There are no rigid criteria that dictate the num-ber of sections to submit from reduction mam-moplasty. In the absence of such criteria, a few considerations provide some helpful guidelines for specimen sampling. First, thorough gross examination of the thinly sliced specimen is the key to identifying clinically significant lesions. Second, because the risk of breast cancer in-creases with age, submit relatively more sections from specimens removed from older patients.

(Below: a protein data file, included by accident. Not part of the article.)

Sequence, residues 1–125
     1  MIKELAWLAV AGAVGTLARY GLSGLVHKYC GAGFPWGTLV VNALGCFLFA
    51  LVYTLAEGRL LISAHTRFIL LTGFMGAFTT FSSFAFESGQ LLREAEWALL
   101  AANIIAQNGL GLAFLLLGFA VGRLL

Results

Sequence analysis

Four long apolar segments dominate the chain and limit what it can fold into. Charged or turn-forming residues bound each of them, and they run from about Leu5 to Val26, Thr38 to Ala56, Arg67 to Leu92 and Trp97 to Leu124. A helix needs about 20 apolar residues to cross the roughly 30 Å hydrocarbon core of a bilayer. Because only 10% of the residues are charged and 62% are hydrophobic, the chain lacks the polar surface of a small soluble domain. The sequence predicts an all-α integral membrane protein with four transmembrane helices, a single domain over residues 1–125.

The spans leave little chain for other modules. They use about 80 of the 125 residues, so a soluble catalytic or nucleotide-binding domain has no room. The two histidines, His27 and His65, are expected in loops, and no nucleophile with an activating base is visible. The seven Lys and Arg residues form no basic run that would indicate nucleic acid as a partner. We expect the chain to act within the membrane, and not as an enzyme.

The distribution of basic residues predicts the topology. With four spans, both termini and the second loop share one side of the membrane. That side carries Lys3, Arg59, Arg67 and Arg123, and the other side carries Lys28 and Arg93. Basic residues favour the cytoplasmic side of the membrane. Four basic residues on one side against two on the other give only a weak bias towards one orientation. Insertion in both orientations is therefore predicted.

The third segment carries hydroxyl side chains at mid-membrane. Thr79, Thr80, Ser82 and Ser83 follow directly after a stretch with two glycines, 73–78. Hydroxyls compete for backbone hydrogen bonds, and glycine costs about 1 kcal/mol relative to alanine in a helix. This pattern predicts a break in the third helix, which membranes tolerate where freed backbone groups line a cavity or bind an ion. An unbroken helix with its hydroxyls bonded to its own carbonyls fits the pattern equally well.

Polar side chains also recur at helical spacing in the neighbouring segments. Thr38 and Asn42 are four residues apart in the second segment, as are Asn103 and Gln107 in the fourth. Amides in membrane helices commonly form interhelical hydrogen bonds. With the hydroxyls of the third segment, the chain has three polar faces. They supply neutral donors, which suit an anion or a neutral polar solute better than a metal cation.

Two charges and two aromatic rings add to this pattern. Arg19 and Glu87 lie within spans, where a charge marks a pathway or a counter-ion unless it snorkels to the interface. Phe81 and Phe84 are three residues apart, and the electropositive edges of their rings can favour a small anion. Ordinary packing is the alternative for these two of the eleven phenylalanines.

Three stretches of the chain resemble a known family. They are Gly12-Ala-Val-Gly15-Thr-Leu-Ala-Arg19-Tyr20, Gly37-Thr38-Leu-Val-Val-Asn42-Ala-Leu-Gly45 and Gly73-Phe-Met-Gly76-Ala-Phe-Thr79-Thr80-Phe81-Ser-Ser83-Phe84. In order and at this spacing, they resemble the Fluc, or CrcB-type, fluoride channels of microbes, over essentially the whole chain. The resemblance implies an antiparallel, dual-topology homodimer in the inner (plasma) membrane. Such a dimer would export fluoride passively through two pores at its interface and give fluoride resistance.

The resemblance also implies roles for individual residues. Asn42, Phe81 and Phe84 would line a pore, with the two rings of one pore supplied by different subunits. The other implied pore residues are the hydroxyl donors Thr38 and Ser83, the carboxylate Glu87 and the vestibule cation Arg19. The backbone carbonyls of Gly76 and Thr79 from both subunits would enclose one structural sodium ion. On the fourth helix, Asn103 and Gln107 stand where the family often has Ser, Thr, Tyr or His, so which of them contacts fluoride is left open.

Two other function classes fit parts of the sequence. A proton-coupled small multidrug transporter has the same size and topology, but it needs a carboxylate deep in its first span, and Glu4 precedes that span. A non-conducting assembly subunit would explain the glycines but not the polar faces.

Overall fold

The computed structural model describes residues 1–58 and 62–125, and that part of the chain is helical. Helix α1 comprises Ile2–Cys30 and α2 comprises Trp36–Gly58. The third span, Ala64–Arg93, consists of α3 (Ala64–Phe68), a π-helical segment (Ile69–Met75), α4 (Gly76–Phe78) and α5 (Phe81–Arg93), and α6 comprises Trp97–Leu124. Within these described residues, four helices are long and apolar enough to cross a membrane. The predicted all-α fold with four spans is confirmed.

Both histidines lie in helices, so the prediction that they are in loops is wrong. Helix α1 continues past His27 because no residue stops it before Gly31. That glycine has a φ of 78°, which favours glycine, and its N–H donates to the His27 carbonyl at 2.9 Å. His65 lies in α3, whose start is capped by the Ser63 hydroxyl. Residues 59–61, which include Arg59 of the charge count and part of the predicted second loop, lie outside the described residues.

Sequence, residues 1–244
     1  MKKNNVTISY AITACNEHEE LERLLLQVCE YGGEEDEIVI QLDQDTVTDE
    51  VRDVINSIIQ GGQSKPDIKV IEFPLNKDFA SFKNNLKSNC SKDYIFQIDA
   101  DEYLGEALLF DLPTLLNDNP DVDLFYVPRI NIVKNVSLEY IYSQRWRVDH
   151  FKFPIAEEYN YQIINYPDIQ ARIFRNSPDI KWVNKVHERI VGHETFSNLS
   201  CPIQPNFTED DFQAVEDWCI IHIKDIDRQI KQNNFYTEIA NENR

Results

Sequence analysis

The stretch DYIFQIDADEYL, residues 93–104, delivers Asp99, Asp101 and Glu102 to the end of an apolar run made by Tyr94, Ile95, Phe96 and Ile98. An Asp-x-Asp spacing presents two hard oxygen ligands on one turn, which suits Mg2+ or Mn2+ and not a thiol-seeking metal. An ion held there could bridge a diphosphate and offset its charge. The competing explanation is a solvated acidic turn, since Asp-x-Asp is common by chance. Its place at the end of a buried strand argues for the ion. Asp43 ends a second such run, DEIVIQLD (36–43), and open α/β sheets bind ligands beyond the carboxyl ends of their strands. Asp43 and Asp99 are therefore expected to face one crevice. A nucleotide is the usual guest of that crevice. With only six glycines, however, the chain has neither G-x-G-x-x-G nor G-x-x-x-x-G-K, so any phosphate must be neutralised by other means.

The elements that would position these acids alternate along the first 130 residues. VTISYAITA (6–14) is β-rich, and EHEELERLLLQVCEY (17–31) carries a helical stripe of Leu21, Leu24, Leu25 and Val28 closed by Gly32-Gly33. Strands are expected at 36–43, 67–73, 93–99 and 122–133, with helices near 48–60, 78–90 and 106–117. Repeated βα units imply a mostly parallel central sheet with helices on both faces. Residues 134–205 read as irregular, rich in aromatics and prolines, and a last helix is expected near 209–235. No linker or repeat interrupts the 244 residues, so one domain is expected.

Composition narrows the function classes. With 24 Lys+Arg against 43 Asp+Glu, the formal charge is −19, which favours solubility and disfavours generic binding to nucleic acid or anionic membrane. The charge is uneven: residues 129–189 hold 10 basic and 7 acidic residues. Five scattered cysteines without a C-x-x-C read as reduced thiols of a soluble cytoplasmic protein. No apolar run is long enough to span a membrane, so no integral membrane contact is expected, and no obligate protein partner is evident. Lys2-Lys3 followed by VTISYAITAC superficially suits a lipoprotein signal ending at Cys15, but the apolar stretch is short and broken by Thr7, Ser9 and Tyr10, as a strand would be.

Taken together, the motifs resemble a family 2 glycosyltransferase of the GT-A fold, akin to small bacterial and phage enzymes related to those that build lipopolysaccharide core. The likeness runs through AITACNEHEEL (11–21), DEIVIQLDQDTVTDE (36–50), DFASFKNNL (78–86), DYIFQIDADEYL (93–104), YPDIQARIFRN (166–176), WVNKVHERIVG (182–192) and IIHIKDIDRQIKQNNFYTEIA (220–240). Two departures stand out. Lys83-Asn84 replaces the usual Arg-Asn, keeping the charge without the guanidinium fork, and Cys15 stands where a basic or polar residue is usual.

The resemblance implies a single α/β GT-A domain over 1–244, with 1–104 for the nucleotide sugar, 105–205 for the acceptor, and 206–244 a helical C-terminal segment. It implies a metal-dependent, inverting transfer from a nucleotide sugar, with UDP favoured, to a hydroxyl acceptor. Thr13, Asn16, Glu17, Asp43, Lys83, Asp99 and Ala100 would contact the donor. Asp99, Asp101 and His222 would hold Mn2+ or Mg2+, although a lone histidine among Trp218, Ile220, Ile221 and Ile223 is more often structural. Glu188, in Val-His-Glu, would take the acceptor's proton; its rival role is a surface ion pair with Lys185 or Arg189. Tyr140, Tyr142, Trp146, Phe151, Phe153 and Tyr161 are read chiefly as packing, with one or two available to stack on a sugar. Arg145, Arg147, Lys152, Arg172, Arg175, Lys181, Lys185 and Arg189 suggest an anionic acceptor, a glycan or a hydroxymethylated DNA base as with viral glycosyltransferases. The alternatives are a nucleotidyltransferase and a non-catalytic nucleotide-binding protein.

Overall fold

We suggest submitting three sections from patients under 30 years of age and five sections from patients over 50 years of age. Third, because carcinomas and atypical hyperplasias are much more likely to involve fibrous breast tissue than fatty breast tissue, sections should selectively target dense and fibrotic breast parenchyma. The identification of atypical lesions or carcinoma on these initial sections indicates the need to go back to the specimen to obtain additional sections.
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